With no four–square precedent on the issue, defendant urges that the February 20 appearance should be analogized to proceedings involving the revocation of parole or probation, or a conditional discharge, where the right to counsel is mandated by case law or statute (see, People ex rel. Donohoe v Montayne, 35 NY2d 221 [final parole revocation proceeding]; People ex rel. Menechino v Warden, 27 NY2d 376 [same]; Mempa v Rhay, 389 US 128, 137 [revocation of probation]; CPL 410.70[4] [revocation of probation or conditional discharge]). In those accusatory proceedings, a defendant is assured the right to counsel because the outcome––liberty or imprisonment––depends upon an arbiter's determination as to the truth of assertions of misconduct (Donohoe v Montayne, supra, 35 NY2d, at 226; Menechino v Warden, supra, 27 NY2d, at 381–382). Counsel is required for purposes of "marshaling the facts, introducing evidence of mitigating circumstances and in general aiding and assisting the defendant to present his case" (Menechino v Warden, supra, 27 NY2d 376, 382 [quoting Mempa v Rhay, supra, 389 US, at 135]). Additionally, certain defenses or rights not asserted may be irretrievably lost (see, e.g., Mempa v Rhay, supra, 389 US, at 135–136 [uncounseled defendant with valid defense may agree to plead guilty in exchange for probation, unwittingly forfeiting his right to appeal]).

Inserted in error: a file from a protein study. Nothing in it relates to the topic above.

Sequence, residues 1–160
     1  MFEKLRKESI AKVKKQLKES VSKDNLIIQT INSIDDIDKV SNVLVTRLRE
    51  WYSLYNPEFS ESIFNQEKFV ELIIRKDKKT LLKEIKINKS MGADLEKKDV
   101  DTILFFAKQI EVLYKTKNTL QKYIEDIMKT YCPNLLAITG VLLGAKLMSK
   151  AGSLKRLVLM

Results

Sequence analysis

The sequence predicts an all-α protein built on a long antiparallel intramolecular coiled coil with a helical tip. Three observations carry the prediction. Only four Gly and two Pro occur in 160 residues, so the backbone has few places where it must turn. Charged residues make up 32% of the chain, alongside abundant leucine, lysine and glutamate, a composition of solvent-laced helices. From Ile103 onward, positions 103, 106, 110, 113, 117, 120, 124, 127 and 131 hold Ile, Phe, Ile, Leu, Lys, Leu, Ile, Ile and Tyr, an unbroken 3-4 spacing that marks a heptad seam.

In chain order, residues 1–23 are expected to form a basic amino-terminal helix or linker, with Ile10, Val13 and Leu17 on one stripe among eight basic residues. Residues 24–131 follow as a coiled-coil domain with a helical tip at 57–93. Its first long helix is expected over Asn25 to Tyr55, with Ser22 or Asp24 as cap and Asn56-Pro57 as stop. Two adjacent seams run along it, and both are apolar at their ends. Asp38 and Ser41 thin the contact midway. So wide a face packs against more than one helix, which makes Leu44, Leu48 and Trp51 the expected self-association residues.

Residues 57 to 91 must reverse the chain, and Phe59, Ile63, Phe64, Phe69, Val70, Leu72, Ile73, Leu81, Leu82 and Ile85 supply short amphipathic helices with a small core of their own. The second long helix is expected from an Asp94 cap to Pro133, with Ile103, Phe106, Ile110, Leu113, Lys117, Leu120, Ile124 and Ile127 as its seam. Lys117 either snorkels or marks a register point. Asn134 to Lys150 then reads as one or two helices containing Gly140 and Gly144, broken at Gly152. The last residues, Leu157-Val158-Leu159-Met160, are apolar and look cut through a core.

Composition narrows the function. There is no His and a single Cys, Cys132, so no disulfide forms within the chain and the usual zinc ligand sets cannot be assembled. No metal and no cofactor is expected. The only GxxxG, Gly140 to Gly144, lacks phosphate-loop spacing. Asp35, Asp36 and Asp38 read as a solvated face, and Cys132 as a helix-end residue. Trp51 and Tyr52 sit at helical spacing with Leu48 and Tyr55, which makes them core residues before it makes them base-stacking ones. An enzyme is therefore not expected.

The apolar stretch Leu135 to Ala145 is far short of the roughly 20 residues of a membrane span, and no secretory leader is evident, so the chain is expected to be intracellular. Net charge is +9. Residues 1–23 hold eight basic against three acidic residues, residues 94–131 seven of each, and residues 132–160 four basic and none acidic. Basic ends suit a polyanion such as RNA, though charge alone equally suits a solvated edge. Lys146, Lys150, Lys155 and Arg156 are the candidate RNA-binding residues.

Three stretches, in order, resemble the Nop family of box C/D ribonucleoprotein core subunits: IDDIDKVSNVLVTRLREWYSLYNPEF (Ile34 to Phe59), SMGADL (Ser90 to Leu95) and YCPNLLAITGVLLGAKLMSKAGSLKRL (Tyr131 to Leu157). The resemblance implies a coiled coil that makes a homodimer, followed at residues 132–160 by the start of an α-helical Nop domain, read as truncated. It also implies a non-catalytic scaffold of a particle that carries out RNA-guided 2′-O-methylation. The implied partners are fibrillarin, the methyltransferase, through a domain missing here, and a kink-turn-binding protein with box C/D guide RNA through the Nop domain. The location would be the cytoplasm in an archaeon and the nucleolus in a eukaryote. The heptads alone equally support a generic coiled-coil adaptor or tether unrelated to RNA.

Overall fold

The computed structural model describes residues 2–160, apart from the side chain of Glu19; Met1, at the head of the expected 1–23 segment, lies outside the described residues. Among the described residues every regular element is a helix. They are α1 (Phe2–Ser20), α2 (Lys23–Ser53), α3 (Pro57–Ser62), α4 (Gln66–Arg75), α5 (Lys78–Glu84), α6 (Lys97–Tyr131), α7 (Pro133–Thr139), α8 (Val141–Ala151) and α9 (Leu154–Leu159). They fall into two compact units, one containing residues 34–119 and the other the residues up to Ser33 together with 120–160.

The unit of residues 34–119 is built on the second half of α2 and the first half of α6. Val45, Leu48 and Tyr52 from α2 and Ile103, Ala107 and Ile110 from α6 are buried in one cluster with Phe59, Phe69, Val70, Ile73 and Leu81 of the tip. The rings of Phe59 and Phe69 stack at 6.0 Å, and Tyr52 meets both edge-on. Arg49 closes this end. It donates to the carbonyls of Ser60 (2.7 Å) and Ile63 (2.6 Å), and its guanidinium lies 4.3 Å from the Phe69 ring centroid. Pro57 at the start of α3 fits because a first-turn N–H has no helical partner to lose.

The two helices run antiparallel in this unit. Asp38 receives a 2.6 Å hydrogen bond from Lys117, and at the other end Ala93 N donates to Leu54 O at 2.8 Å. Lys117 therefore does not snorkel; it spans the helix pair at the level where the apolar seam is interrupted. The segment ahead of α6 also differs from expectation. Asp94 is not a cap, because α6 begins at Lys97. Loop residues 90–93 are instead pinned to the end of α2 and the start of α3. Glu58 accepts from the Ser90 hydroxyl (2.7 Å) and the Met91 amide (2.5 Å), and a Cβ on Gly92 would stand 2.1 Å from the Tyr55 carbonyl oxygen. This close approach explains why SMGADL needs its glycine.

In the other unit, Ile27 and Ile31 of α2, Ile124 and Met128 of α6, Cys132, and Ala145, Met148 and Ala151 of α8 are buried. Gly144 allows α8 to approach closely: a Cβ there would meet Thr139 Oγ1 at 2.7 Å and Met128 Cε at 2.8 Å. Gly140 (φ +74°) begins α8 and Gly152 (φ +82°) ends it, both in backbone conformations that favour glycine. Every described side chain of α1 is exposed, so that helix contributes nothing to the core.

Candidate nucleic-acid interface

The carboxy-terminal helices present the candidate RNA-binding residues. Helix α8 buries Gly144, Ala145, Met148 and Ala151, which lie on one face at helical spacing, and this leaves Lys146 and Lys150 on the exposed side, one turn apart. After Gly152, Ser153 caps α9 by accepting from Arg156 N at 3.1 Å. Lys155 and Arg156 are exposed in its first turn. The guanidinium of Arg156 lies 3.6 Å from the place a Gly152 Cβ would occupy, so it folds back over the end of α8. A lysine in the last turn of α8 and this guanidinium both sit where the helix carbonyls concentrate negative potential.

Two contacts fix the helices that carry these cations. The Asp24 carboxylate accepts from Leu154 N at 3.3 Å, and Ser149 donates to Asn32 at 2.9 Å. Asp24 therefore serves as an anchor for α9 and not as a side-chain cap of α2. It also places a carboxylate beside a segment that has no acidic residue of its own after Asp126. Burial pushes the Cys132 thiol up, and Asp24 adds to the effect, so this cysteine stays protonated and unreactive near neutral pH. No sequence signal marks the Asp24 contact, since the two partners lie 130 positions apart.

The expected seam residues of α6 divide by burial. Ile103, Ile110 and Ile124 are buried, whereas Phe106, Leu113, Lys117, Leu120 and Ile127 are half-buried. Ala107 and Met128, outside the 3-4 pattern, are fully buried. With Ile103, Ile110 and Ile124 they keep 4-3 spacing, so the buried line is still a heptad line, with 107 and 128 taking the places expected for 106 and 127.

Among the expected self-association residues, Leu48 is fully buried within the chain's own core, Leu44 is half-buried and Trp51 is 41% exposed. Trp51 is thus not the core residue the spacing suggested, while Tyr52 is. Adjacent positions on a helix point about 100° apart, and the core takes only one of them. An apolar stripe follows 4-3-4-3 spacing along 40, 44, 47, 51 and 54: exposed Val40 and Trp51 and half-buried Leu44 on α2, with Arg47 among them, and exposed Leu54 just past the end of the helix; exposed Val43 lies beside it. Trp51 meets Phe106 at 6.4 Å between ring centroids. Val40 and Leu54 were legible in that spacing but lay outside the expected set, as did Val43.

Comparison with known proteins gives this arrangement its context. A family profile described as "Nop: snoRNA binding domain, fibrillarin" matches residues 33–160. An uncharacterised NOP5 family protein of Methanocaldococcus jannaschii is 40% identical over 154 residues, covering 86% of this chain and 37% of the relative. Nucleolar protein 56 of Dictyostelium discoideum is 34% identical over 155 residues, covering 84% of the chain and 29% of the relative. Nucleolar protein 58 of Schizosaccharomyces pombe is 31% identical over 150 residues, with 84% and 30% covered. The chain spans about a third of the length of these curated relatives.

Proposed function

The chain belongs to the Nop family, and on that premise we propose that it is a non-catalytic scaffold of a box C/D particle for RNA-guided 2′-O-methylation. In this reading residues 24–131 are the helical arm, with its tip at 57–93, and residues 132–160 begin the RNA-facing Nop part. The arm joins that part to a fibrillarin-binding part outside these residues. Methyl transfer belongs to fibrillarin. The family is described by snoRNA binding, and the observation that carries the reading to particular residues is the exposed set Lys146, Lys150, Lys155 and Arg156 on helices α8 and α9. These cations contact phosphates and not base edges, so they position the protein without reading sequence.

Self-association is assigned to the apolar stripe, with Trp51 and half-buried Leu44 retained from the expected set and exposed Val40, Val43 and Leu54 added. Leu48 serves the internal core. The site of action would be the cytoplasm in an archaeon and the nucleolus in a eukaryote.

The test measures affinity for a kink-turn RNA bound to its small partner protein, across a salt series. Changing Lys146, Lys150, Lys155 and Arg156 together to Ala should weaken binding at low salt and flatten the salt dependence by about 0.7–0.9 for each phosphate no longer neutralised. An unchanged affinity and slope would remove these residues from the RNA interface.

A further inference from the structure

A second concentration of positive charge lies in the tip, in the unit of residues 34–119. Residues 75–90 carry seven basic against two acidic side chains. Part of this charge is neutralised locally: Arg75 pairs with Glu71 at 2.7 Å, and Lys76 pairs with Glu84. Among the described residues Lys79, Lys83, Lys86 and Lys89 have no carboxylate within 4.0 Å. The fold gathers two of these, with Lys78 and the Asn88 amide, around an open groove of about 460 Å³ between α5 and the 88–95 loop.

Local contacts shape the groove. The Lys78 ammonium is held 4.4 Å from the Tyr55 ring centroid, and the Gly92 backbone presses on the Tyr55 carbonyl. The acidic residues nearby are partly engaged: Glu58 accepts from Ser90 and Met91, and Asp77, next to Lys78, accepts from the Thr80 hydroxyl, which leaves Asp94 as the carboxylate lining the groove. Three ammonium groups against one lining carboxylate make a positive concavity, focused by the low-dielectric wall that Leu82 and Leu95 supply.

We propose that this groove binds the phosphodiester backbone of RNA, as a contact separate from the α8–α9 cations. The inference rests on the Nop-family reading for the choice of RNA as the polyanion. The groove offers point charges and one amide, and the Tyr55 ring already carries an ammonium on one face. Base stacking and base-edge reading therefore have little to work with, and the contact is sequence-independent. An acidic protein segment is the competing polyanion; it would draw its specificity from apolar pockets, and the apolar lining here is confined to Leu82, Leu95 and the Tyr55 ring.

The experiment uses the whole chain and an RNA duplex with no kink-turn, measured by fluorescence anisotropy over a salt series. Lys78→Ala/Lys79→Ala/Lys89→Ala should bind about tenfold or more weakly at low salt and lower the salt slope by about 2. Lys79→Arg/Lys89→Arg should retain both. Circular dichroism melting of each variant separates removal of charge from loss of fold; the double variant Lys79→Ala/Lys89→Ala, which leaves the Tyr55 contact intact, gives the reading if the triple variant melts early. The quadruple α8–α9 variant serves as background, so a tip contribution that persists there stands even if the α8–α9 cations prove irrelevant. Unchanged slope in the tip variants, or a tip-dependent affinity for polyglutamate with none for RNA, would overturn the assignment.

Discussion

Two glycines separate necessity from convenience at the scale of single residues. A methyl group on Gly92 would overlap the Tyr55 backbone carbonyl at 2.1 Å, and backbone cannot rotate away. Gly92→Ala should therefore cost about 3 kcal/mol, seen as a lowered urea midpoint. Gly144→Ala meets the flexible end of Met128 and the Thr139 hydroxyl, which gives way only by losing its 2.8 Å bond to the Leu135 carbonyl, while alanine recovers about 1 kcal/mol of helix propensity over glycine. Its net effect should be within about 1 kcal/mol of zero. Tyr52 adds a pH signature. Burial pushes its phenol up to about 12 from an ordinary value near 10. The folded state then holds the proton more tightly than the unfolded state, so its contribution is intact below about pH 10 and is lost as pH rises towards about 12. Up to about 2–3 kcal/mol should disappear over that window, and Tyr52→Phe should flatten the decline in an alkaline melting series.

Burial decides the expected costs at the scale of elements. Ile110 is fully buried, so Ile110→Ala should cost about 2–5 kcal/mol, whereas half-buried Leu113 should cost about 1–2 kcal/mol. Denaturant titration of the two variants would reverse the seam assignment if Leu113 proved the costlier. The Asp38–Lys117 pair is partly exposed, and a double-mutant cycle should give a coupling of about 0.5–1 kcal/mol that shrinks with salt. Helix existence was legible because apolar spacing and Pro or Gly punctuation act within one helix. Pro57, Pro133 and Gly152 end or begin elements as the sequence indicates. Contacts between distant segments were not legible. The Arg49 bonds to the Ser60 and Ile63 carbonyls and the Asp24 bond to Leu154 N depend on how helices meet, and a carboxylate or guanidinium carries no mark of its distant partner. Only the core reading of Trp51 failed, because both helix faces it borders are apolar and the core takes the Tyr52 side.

The presence of counsel was not, however, required to protect defendant's due process rights at the February 20 appearance. Significantly, it was not an accusatory proceeding affording defendant an opportunity to explain charges against him or requiring the court to make factual or legal determinations affecting his liberty. There was, and remains, no question that defendant was ejected from Samaritan Village for a rules violation before completion of the program, and that he remained at large for several months. The only issues addressed at the February 20 proceeding were administrative concerns that the court sought to have answered by the TASC representative. No factual or legal questions were at issue, and defendant's views were not relevant to TASC's decision to readmit him or its ability––given the circumstances created by defendant's conduct––to find a new program for him.

Accordingly, the order of the Appellate Division should be affirmed.

Decided February 16, 1999